There’s no denying that Whistler is a great place to grow up. The recreation is second-to-none, the schools are excellent, it’s relatively safe (unless you include skiing and biking injuries), parents tend to know and look out for all of the kids, and there’s no shortage of role models or opportunities for kids to find their passion.
But while Whistler is a great place to grow up, the fact is that a lot of the kids that grow up here will one day leave for college or university and never come back. The cost of housing is part of it, as is the lack of diversity in career opportunities compared to the city.
That’s something that Whistler Secondary School and Whistler Blackcomb are working to change, engaging more teens through an internship program that teaches them more about the types of jobs and opportunities that are available in the resort.
People travel from around the world to live and work here. Keeping people here should be relatively easy.
Currently, Whistler Secondary is collecting names for its Peak Experience program, which provides Whistler Secondary Students with four credits after completing a roughly 100-hour internship at Whistler Blackcomb. Students can choose to work in food and beverage, rental, ski school or mountain safety departments, and will also get a ski pass for their efforts.
“It’s been really popular and many of the students that have participated in the program started working for Whistler Blackcomb after they were done,” said Whistler Secondary principal Bev Oakley.
An average of eight students participate every year, including interested students from Pemberton Secondary and Howe Sound Secondary.
Oakley says that internships are a growing focus for Whistler Secondary. In addition to programs like Peak Experience, they also allow students to propose their own internship opportunities. If a student is interested in learning about a career or industry, the school encourages them to write a letter to the owner or manager of a business.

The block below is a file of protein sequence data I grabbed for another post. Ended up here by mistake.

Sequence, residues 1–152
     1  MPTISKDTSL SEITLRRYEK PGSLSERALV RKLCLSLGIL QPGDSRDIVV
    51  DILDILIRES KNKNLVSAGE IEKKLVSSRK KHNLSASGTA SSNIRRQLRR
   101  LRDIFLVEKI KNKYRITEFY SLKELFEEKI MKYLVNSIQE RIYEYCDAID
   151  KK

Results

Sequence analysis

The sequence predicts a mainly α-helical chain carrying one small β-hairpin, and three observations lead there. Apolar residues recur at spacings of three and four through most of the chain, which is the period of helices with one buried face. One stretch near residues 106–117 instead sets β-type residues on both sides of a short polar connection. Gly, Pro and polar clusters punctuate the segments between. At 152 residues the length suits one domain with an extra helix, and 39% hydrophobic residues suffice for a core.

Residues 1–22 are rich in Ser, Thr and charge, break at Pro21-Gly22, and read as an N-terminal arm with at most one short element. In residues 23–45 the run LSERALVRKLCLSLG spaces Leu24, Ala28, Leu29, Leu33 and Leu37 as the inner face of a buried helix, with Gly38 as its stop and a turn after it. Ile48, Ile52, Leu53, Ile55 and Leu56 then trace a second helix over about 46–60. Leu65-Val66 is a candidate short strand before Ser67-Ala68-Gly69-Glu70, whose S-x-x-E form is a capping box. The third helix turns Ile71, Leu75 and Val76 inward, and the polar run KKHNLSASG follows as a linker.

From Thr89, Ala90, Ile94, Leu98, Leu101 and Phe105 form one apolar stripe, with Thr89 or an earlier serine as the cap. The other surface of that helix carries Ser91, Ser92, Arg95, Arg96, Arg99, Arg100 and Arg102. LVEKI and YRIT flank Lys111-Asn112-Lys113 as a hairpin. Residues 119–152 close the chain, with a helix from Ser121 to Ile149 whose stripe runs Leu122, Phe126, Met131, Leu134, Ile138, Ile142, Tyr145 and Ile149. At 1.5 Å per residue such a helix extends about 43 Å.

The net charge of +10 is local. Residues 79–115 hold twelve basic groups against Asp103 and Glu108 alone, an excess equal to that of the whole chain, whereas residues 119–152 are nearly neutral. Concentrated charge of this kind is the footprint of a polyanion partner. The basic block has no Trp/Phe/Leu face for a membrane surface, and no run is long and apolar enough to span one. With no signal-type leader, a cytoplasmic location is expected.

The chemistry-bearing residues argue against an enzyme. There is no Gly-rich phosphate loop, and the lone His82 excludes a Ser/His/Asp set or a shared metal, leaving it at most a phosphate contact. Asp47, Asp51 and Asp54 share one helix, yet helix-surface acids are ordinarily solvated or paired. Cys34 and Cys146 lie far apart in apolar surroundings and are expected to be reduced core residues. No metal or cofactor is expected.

“They almost always say yes,” adds Oakley. “Businesses here have been great over the years in sharing time with the students.”
Once a business has agreed to host an intern, the school’s guidance counsellor will contact the employer to discuss the internship project in more detail.
It’s too soon to tell whether internship programs like Peak Experience will keep more Whistler kids in Whistler for the long term, but it could influence students when deciding what to study after high school, while also giving them some valuable work experience they can put on a resume.
That’s a huge deal these days with youth unemployment for people aged 15 to 24 sitting about 50 per cent higher than the provincial average of roughly eight per cent. Kids need jobs, and especially good summer jobs, to help pay for education and training, and to eventually ease their transition out of the home.
According to Statistics Canada, over 40 per cent of young adults aged 20 to 29 were either still living at home, or had returned home after college/university. That’s up from 26.9 per cent in 1981.
The fact is, there are a lot of good and interesting jobs in Whistler, and there are more opportunities in a greater variety of fields than most young people think. Letting kids know what those opportunities are while they’re young could have a huge impact on this town with more young people staying and eventually taking on leadership roles in the community.
It’s easy to understand the allure of the city after growing up in a small town, but Whistler isn’t as small as it used to be. To be honest the city isn’t really a viable option either with the price of real estate in Vancouver actually outpacing Whistler these days. Unless people dream of living in an urban suburb or an overpriced condo, Whistler employee housing is a far better alternative.
All things considered, staying in Whistler is actually a pretty good option these days.
School PACs benefit from Gaming Grants
The Ministry of Community, Sport and Cultural Development completed its round of B.C. Gaming Grants last week (Oct. 29), including $11.7 million to school Parent Advisory Councils across the province.
All of the schools in Pemberton and Whistler received a share of that funding to use for special projects that benefit the schools and students:
Association Parent Ecole la Passerelle — $1,560
Myrtle Philip PAC — $4,860
Sea to Sky District PAC — $2,500
Spring Creek PAC — $5,820
Whistler Secondary School PAC — $7,680
L’association de parents de l’ecole de la vallee de Pemberton — $640
Pemberton Secondary School — $6,200
Signal Hill Elementary School PAC — $9,020
PACS can receive up to $20 per student, while District PACs can get $2,500.
Lottery tickets and gambling at casinos may not be great investments, but they do end up being a pretty incredible investment in schools with a total of $38,280 for local schools in 2012-2013.